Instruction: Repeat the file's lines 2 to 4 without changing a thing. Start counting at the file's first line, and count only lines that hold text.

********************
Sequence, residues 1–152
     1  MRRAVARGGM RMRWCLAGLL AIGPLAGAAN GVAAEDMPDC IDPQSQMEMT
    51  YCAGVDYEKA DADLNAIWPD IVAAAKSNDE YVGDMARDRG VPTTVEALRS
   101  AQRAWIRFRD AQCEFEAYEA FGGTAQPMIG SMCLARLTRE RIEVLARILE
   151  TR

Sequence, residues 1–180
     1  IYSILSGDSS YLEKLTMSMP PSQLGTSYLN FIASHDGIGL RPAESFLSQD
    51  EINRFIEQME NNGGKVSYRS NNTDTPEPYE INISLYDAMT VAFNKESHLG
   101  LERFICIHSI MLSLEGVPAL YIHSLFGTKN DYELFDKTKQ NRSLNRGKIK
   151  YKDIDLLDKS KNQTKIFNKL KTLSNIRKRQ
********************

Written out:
     1  MRRAVARGGM RMRWCLAGLL AIGPLAGAAN GVAAEDMPDC IDPQSQMEMT
    51  YCAGVDYEKA DADLNAIWPD IVAAAKSNDE YVGDMARDRG VPTTVEALRS
   101  AQRAWIRFRD AQCEFEAYEA FGGTAQPMIG SMCLARLTRE RIEVLARILE